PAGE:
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Among the city-owned trees that have died in Waltham is this 80-year-old sugar maple.
Among the city-owned trees that have died in Waltham is this 80-year-old sugar maple.Kevin Thompson

With Massachusetts hit by drought, it’s not just lawns that are suffering. The region’s trees — and the people who look after them — are also under duress.

After a winter with little snow, this summer’s dry heat has been taking a particular toll on the urban canopy, according to local tree wardens.

“If trees have already been under stress, this is the year that puts them over the edge,” Waltham tree warden Kevin Thompson said Tuesday.

The US Drought Monitor, a partnership of federal and university authorities, last week categorized much of Massachusetts as having severe drought conditions. More than 140 communities have issued restrictions on non-essential outdoor water use.

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In Waltham, Thompson is seeing record numbers of tree fatalities on city property, particularly among mature specimens 75 to 115 years years old. In his 20 years of monitoring trees in the state, he has never seen anything like it.

“I’ve driven by some areas with concern,” said Thompson. “Last week the trees were fine, and this week the trees were dead. It’s been very sudden.”

A variety of causes can contribute to a tree’s death. The harsh winter of 2015, followed by a very mild winter and the current drought, has taken a toll on even the strongest, most established of trees, according to Thompson. On top of the weather concerns, there has also been an increase in gypsy moth damage.

Marc R. Welch, Newton’s director of urban forestry, said the city’s mature trees have endured whirlwind seasons of drastic weather.

“Right now in my community we are not alarmed,” said Welch. “But next year, the trees will need some closer monitoring.”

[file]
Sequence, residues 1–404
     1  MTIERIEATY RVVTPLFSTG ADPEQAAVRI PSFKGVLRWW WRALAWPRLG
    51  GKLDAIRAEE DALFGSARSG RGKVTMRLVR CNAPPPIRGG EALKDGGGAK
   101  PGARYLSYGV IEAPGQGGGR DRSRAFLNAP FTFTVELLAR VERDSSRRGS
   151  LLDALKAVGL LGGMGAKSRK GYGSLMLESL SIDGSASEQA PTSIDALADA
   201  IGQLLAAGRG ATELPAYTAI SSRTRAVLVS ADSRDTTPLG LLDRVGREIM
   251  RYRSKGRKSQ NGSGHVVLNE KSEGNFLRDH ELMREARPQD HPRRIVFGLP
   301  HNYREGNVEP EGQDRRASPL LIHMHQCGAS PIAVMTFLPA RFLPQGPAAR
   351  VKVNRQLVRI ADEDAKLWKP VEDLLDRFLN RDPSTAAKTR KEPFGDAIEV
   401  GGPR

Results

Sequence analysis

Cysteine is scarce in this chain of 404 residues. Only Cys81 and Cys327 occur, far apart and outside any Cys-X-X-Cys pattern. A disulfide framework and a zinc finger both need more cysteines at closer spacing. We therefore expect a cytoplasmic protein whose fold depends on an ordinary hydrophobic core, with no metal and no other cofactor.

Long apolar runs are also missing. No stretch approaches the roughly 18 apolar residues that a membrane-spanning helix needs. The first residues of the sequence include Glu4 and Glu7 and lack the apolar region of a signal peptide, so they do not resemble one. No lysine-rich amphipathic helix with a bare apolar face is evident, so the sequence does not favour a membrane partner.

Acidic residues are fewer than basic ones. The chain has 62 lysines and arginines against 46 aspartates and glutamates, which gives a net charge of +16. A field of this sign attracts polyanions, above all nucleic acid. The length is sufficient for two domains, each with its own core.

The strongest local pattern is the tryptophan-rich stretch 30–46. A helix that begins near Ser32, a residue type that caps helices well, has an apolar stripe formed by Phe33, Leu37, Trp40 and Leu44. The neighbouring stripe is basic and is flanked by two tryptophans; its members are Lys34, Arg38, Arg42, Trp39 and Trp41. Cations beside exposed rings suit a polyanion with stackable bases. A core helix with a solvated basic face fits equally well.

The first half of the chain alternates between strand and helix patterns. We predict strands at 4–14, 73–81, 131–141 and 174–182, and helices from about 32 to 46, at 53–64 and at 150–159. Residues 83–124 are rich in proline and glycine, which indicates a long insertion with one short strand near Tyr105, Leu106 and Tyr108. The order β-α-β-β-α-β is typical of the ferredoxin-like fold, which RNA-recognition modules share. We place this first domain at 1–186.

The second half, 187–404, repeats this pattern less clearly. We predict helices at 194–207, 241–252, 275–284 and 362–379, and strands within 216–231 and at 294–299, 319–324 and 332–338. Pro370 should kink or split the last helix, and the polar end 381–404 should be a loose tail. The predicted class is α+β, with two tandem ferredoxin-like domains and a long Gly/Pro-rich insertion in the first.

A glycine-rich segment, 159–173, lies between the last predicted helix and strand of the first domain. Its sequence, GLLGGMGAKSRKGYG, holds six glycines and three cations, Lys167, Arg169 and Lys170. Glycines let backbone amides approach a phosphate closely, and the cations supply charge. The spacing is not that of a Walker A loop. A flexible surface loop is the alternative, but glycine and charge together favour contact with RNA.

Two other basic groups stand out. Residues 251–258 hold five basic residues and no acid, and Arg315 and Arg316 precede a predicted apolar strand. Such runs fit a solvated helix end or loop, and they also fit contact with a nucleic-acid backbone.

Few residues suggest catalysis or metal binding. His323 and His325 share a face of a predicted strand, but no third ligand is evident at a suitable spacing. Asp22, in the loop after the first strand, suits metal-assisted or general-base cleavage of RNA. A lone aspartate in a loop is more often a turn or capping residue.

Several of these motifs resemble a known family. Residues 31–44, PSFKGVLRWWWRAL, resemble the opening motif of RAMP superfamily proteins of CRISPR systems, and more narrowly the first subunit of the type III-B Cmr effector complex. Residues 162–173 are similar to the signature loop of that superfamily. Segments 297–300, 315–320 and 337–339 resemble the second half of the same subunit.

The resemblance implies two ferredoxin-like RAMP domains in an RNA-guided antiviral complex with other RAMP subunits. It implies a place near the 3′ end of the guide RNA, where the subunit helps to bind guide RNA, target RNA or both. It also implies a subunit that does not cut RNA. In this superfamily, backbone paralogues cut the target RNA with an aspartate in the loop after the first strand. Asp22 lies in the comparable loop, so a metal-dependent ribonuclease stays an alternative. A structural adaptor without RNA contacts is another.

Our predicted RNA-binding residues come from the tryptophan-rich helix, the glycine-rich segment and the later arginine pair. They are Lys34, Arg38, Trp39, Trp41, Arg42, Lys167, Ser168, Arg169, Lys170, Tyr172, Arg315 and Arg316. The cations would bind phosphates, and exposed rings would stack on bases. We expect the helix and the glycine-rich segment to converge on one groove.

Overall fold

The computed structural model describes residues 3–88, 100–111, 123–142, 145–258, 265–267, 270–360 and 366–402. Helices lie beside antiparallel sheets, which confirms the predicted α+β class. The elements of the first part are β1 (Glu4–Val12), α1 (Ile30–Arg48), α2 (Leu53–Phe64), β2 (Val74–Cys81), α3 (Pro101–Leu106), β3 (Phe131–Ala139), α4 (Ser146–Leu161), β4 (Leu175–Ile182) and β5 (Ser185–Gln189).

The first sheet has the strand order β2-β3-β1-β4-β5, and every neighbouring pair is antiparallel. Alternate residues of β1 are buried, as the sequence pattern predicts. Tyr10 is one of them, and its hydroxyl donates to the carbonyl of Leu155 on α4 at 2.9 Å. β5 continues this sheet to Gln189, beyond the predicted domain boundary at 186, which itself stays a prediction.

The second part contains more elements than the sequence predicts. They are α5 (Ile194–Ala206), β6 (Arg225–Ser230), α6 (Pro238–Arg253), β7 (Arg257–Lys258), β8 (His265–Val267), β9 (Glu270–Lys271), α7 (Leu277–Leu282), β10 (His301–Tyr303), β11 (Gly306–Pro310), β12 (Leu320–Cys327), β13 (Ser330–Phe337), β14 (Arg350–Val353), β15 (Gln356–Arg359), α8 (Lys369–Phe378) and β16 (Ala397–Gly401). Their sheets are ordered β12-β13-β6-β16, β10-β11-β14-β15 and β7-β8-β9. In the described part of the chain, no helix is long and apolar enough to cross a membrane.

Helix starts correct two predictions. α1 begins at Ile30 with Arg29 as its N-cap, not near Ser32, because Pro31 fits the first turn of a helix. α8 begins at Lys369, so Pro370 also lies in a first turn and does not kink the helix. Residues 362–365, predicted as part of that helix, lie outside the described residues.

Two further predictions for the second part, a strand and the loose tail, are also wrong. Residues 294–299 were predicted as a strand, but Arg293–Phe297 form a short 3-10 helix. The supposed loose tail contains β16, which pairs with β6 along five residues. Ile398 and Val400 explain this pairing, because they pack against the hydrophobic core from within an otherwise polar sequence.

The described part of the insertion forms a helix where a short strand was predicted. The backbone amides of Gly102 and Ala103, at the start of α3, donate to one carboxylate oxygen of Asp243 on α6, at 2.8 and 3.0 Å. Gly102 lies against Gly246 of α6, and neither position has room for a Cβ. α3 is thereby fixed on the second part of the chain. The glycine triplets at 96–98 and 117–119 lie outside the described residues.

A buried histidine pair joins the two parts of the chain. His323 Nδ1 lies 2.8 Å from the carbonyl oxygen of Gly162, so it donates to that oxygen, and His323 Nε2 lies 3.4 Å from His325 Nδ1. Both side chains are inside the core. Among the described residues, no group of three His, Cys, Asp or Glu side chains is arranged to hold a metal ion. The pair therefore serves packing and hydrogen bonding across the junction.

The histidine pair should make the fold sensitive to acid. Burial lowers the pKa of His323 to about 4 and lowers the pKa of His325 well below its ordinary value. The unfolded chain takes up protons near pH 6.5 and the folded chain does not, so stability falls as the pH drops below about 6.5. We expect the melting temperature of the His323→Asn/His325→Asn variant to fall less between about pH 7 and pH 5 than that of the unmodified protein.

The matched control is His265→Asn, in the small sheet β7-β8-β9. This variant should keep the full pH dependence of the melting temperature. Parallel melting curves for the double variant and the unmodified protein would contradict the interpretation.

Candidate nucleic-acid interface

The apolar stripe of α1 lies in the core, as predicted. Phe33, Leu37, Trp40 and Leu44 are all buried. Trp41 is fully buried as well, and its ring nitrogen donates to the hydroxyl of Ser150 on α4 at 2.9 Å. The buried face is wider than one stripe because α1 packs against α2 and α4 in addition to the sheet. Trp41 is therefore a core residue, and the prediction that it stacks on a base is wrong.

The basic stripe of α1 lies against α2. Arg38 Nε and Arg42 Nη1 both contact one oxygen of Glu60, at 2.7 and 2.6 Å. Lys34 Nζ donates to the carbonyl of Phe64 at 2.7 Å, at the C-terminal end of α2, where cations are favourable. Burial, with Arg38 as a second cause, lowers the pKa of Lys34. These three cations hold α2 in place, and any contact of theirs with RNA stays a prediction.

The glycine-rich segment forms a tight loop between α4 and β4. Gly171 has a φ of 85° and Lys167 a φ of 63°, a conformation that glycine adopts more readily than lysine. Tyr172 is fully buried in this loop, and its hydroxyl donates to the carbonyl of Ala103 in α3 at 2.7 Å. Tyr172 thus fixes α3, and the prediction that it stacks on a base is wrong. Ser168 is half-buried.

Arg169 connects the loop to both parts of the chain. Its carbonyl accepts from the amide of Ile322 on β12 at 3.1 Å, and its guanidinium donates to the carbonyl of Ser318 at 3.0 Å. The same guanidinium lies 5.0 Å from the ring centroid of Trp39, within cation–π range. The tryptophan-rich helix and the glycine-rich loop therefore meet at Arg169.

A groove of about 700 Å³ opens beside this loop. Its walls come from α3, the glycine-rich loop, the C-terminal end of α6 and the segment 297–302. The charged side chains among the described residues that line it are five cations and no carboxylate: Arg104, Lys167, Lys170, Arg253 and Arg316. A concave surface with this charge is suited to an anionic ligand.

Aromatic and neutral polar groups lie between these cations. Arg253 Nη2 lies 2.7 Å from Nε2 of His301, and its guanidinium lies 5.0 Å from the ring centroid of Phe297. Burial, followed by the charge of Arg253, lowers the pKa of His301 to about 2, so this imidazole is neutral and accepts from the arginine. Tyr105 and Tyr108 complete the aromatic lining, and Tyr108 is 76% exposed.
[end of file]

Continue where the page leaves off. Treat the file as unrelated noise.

Welch compares it to not eating all day and trying to catch up. And while his department is doing its best, he expects to see more adverse effects from the drought as time goes on.

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“They grow for so long and live for so long,” Welch said of the trees, “that sometimes the effects you don’t see until the coming years.”

In both Newton and Waltham, newly planted trees on municipal property have been holding up, due to regular watering. They are watered at least once a week with 20 gallons of water.

However, budget constraints have kept some communities from being able to do the same.

Watertown’s tree warden, Christopher Hayward, said he needs residents to do their part as well.

“When you’re driving around you see people watering their lawn, but not the street tree they requested,” said Hayward. “I love having a nice green grass lawn too, but when you’re doing it in a drought it’s a little irresponsible.”

His department only has the budget for six watering sessions for the town’s 5,000 trees. He has already scheduled the sixth watering and will need to dip into the planting budget for the upcoming fall and spring to continue watering the most vulnerable trees throughout the summer.

Watertown plants around 160 new street trees each year. Thompson is frustrated at residents who have requested street trees to be planted in front of their homes but are not taking care of them. He sees it as mutually beneficial since the homeowners will ultimately benefit from the shade of a prospering tree.

He asks that homeowners prioritize the trees over their lawn. Even if a lawn goes brown, it will come back year after year. That isn’t necessarily the case for trees.

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“We are doing the best we can, we are just asking for a little bit more help with watering,” said Hayward. “Be smart with how you’re using your water, but doing something is better than doing nothing.”


Debora Almeida can be reached at debora.almeida@globe.com.